Keeping Score

Another Dark Day For Track And Field

Tyson Gay and Asafa Powell are among those who have tested positive for banned substances. It's just business as usual for track and field.

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Dylan Martinez / Reuters

Tyson Gay of the U.S. reacts after finishing fourth in the men's 100m final during the London 2012 Olympic Games at the Olympic Stadium, Aug. 5, 2012.

Track and field has two opportunities to grab global attention: the Olympics, and to a lesser extent, the world championships. Unfortunately for the sport, this year’s worlds — which will be held in Moscow from August 10-18 — will be overshadowed by the latest performance-enhancing drug scandal.

PEDs have shattered track and field over the last decade. All world-record times carry some skepticism — if he or she clean? — and the latest news won’t stop that mindset. On Sunday, American Tyson Gay, who holds the U.S. record in the 100 and won the 100 and 200-meter races at nationals last month, tested positive for a banned substance. (Neither Gay or U.S. Anti-Doping Agency head Travis Tygart have revealed the identity of the drug). “I don’t have a sabotage story,” Gay told the Associated Press. “I don’t have anything to say to make it seem like it was a mistake or it was in USADA’s hands, someone playing games.  I don’t have any of those stories. I basically put my trust in someone and I was let down.” Gay said he’ll withdraw from the world championships.

On Sunday, world also came down that two top Jamaican sprinters, former 100-meter world record holder Asafa Powell and Sherone Simpson, who was won an Olympic gold and two silvers, also failed drug tests. Both were more adamant than Gay that they did nothing wrong: Powell called for an investigation to find out how oxilofrine, a stimulant, got into his system. Simpson tested positive for the same stimulant and said she “would not intentionally take an illegal substance of any form into my system.” A month earlier, Jamaican gold medalist Veronica Campbell-Brown, tested positive for a banned diuretic; her agent has said Campbell-Brown does not accept “guilt of willfully taking a banned substance.”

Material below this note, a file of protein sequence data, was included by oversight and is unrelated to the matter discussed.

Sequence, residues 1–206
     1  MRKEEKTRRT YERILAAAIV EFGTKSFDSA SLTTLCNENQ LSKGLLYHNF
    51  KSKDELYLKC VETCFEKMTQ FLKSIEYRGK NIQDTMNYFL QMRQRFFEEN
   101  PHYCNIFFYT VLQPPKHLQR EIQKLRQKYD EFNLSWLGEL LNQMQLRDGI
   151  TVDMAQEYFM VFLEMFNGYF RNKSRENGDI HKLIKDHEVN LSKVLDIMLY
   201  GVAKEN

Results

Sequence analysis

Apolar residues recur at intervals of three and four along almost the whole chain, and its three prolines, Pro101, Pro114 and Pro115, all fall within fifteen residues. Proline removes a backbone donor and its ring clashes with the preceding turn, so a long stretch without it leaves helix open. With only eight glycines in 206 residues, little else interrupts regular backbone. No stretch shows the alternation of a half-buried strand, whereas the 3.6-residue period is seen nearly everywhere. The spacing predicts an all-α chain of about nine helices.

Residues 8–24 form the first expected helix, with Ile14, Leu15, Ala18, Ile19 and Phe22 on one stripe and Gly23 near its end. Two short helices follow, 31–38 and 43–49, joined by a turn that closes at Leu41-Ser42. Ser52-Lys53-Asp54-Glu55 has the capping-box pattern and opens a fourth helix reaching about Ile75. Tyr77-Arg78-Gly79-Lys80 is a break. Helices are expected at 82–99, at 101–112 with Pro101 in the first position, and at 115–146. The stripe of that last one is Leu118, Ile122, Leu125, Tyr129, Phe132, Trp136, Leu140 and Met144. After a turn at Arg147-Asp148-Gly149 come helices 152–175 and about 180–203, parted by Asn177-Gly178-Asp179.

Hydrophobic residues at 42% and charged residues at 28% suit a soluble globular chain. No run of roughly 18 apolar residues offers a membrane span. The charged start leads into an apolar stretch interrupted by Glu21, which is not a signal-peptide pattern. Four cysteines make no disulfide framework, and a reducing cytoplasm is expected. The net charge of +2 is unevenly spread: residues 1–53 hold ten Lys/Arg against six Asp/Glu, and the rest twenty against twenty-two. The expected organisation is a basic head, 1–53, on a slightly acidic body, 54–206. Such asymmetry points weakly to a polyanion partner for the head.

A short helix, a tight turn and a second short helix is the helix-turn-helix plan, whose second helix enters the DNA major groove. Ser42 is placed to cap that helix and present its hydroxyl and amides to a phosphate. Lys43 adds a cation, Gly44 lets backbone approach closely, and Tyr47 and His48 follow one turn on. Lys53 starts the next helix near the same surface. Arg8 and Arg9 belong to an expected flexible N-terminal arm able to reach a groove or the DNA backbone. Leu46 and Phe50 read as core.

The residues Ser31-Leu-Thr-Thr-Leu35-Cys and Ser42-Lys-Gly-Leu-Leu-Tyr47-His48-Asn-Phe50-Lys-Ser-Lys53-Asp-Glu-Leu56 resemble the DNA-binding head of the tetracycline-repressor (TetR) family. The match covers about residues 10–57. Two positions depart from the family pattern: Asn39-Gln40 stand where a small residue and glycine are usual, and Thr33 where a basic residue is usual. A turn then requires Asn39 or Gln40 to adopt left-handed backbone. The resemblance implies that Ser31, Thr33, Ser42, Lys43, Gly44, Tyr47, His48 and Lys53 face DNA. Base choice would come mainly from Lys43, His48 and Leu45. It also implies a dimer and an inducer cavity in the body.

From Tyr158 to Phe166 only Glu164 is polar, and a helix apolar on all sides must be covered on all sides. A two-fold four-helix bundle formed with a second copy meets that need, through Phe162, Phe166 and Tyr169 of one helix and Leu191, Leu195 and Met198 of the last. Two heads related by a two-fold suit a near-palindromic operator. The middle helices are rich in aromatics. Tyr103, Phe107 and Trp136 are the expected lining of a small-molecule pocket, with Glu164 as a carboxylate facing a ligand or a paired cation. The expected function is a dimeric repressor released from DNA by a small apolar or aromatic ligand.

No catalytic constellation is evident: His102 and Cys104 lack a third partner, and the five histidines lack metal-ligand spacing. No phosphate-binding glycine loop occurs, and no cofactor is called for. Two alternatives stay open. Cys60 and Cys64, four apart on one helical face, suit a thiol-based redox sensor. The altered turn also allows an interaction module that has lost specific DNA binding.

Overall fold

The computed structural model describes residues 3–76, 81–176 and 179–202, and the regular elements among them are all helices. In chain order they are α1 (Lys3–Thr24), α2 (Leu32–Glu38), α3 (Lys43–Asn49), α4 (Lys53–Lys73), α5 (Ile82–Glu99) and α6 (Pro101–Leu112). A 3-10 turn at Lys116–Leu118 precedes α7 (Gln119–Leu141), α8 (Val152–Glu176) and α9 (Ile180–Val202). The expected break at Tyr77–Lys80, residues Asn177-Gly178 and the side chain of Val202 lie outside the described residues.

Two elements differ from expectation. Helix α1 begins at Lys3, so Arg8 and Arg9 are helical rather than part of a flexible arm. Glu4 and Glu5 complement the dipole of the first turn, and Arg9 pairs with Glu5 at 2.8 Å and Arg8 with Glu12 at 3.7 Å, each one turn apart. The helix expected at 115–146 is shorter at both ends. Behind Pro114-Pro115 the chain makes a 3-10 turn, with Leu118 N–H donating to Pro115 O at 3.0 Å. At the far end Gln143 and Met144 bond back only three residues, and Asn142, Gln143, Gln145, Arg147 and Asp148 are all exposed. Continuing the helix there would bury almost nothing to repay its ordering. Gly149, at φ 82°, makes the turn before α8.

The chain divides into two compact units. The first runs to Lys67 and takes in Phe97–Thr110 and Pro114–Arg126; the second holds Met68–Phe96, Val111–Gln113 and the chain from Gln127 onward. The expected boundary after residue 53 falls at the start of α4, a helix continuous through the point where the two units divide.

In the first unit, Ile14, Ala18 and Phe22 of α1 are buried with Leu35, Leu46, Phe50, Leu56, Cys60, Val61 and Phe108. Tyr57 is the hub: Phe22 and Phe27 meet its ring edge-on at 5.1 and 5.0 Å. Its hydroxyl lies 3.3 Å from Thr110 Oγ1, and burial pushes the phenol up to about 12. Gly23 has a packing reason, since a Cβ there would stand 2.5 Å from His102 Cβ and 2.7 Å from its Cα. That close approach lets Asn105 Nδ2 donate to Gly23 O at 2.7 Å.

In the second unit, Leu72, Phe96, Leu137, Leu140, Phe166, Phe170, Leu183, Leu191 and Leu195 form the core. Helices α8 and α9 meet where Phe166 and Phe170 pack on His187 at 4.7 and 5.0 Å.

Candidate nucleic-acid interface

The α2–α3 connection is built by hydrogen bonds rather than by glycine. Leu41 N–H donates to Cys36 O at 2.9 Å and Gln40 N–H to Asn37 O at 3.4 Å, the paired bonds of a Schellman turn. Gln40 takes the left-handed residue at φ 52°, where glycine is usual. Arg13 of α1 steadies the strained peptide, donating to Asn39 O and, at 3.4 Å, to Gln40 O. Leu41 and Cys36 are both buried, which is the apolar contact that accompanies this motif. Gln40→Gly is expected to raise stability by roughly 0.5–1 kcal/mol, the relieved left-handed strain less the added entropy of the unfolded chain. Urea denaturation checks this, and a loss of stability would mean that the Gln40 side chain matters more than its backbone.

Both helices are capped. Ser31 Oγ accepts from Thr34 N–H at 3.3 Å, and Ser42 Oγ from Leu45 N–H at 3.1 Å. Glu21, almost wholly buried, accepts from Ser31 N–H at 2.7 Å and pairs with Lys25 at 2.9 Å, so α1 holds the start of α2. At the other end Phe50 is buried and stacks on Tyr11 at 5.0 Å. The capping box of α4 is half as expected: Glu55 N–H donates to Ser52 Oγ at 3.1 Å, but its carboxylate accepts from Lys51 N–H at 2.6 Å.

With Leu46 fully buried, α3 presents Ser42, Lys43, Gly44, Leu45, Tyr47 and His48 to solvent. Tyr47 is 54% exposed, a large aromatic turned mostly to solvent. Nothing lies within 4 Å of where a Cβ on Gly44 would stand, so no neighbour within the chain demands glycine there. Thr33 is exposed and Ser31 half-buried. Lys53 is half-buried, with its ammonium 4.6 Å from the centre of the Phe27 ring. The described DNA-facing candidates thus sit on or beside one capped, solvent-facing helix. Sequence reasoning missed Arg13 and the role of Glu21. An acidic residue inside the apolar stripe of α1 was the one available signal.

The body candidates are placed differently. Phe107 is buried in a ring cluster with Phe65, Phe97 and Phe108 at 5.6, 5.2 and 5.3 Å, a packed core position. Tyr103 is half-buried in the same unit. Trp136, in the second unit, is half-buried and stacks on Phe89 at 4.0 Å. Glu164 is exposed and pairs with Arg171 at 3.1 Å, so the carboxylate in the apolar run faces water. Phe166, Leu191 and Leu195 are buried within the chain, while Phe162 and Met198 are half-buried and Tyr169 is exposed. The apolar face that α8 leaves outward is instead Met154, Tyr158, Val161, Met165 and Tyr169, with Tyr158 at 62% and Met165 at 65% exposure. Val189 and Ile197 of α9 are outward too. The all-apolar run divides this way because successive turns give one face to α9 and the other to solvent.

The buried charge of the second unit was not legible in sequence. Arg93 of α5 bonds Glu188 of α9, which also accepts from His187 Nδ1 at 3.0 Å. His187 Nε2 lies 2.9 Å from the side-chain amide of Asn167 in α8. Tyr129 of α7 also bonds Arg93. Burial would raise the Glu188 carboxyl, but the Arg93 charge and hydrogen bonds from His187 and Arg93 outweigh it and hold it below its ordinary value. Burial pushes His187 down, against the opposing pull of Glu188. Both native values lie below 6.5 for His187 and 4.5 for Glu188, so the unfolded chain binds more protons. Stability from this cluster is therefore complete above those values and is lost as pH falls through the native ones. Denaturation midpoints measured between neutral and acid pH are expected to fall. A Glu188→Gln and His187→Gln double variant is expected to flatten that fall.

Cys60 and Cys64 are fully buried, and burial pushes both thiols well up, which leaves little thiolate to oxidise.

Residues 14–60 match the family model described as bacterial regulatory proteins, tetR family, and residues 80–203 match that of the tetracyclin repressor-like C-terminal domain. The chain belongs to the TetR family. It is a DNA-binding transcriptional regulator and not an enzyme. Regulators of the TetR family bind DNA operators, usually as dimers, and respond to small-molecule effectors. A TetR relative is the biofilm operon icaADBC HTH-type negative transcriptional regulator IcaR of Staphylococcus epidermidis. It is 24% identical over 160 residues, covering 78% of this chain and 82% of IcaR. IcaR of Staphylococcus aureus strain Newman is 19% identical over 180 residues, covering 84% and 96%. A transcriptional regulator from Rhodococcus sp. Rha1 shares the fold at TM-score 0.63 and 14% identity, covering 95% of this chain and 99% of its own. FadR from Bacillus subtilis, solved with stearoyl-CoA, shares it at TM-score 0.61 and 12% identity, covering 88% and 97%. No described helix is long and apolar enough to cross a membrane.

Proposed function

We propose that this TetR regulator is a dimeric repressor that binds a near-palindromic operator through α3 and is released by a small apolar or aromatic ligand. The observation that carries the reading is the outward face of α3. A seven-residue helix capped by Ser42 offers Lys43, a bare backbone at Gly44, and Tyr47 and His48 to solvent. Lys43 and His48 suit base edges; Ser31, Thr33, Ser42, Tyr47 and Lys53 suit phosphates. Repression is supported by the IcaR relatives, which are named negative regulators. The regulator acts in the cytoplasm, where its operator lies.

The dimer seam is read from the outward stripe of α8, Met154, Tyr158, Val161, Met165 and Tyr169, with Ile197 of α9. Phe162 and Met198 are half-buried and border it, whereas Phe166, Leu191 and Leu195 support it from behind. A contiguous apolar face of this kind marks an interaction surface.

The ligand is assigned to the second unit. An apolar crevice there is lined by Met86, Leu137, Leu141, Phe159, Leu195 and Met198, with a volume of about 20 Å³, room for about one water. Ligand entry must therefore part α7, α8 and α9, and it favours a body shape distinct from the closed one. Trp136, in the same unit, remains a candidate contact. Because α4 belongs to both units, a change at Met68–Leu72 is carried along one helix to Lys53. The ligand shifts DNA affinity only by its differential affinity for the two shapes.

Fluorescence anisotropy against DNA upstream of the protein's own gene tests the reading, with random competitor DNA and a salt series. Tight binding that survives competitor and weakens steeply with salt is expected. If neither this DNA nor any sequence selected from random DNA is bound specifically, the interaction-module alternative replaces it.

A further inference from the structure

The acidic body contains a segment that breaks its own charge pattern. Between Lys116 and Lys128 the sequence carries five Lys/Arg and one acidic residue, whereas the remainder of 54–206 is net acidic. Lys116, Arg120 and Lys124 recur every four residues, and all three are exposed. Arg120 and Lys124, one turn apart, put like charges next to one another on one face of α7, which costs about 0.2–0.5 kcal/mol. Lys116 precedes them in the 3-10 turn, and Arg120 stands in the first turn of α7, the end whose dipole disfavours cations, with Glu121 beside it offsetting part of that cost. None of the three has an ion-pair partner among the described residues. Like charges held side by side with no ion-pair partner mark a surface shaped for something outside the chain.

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Rashalee Mitchell, a social sciences lecturer at the Jamaica campus of the University of the West Indies, told the Associated Press that the Jamaican scandals are tainting “our proud and long-standing reputation of producing strong, excellent, raw, homegrown talent that has excelled on the world stage without any drug-related enhancement.”

Jamaica, and the world, can take some comfort: Usain Bolt was not among those who tested positive for PEDs. At this point, Bolt is track and field royalty; his participation in next month’s worlds will make global headlines. But if a bombshell were to drop that Bolt had tested positive for something — and let us emphasize that this is just a big if — would it be all that shocking? Track fans have become accustomed to these types of revelations. And that says something sad about the sport.

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